So, here is self at the end of her day.  She and The Man have had dinner, and the washing machine is running.  The backyard deck is empty.  Bella’s water dish is full.  Her pillows are scattered all around the garden.  Her funeral is next weekend, on Saturday the 26th.

One of the things she pulled out of her “Pile of Stuff” yesterday was the Stanford Magazine of September/October 2013.  Flipping through the articles, she came across a piece about Stanford psychiatrist David D. Burns.  For 10 years, Burns has led the Tuesday Night Group, “an informal weekly gathering of medical students, residents, and local therapists.”  Burns is a therapist to the therapists.  He knows many therapists are themselves prone to depression, especially if they have spent years treating patients who display no measurable signs of improvement.  Therapists, it turns out, can be just as gullible and easy to manipulate as ordinary people (So why do we need therapists?  Good question!  Self has no asnwer for that one)

Here are excerpts from the article:

“Therapists falsely believe that their impression or gut instinct about what the patient is feeling is accurate,” says May, when in fact their accuracy is very low.  “I haven’t met anyone yet who can read minds.”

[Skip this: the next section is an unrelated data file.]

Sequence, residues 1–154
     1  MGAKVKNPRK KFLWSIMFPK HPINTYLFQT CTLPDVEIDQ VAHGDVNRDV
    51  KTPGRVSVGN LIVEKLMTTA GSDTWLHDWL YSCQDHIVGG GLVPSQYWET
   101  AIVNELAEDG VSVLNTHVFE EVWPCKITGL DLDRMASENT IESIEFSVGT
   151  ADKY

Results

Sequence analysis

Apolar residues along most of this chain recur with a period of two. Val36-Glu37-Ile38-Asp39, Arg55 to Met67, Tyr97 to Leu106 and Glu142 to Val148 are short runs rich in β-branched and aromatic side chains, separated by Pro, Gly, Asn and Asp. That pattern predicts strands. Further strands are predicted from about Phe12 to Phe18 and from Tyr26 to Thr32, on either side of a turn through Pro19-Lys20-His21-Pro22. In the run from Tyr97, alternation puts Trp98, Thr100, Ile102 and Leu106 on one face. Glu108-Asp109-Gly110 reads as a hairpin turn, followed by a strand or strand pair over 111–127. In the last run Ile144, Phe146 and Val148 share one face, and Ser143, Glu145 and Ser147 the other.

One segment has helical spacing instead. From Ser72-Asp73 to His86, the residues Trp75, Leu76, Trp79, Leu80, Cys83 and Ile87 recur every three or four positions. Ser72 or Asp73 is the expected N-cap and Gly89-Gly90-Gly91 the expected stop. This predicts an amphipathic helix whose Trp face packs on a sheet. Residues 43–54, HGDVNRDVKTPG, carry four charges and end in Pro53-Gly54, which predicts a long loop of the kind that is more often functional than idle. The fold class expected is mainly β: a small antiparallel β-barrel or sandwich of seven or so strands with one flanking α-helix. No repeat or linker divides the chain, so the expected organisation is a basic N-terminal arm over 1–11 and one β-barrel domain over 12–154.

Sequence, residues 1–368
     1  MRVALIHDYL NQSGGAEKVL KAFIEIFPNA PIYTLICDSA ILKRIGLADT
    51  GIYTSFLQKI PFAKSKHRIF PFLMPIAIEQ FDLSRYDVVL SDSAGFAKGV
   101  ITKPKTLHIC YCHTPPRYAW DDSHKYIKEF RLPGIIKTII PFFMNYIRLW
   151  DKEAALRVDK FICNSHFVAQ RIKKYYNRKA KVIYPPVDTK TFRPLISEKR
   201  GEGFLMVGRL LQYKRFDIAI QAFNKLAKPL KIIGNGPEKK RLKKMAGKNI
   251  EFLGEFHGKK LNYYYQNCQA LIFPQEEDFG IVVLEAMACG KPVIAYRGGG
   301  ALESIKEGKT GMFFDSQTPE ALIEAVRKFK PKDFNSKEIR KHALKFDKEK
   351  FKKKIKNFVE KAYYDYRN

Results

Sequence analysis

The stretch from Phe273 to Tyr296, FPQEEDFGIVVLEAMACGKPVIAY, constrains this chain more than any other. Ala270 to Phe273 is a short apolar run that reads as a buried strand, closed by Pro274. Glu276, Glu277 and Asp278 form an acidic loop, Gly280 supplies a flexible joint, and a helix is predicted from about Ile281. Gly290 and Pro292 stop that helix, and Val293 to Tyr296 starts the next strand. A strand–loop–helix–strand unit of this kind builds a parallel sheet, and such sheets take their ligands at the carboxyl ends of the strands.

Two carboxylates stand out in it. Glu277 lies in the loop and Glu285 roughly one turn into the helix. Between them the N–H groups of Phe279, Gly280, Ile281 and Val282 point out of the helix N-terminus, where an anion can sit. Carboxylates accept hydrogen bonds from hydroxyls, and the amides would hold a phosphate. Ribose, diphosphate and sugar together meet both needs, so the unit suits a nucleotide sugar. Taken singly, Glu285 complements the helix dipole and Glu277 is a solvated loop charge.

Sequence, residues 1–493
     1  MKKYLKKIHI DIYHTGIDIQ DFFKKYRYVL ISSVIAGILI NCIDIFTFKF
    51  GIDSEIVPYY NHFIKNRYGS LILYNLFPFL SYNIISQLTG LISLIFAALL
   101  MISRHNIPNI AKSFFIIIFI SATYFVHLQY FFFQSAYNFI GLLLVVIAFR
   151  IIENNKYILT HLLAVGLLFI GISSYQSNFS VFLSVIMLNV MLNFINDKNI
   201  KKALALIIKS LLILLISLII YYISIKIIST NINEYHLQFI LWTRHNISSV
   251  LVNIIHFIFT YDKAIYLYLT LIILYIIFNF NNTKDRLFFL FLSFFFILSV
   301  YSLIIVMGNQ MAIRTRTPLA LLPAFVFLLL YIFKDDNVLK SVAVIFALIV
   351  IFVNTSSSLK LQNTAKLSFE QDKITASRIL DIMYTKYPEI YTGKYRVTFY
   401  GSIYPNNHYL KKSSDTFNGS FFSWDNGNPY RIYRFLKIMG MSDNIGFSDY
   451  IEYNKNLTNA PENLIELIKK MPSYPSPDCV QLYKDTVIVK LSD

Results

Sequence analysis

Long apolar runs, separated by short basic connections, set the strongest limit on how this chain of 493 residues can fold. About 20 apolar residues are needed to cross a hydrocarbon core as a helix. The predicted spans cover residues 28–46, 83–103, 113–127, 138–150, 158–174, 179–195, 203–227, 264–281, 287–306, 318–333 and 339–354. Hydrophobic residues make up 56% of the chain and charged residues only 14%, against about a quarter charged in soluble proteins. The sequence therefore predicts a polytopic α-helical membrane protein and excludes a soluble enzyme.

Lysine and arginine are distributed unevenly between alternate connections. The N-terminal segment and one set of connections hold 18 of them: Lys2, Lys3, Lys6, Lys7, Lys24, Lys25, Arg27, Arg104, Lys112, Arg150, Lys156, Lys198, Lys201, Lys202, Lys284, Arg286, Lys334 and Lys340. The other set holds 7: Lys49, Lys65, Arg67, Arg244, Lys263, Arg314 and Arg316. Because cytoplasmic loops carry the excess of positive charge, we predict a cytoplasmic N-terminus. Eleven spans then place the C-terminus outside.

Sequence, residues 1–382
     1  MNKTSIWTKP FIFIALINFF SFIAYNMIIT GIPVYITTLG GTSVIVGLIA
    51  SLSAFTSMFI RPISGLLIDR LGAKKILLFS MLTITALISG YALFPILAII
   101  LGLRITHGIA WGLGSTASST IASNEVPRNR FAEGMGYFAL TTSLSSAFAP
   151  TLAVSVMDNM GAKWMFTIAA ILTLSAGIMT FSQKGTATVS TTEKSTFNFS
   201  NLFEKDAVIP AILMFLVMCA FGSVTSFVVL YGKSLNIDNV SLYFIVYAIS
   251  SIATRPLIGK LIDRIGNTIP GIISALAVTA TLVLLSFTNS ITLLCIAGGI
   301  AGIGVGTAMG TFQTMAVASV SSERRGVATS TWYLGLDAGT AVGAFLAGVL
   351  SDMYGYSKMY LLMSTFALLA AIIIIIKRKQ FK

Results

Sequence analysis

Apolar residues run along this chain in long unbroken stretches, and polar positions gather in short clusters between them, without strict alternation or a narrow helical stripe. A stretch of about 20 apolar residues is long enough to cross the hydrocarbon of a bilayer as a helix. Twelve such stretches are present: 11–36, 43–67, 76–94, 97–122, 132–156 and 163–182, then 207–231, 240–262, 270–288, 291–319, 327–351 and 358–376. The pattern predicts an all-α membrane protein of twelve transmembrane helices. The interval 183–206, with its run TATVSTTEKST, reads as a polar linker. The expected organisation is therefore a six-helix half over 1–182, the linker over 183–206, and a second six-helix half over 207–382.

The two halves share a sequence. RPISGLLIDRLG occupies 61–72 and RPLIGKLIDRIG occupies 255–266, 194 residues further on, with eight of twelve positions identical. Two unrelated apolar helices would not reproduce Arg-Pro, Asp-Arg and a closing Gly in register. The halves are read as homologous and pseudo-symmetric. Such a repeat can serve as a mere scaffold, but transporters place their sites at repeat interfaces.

Burns says most therapists “believe they are aware of how their patients are feeling at least half the time.”  He “quickly disabuses them, citing his own and other research showing only a 10 percent overlap between how a patient says he is feeling and how the therapist thinks the patient is feeling.” This is of course a “huge margin of error.”  Burns asks his patients to keep “a daily mood log, a two-page form on which patients record the negative thoughts and emotions they experienced after an upsetting event.  In addition to rating the intensity of their emotions on a numerical scale, they must also write down what therapists call cognitive distortions — such as catastrophizing (expecting only the worst to happen), emotional reasoning (believing, for example, that if we feel stupid, then we must be stupid), or mind reading (assuming that what we imagine other people are thinking is what they actually think).

Hmm, this is truly a fascinating article on Monsieur Burns, dear blog readers!  Self will stop blogging so that she can keep reading.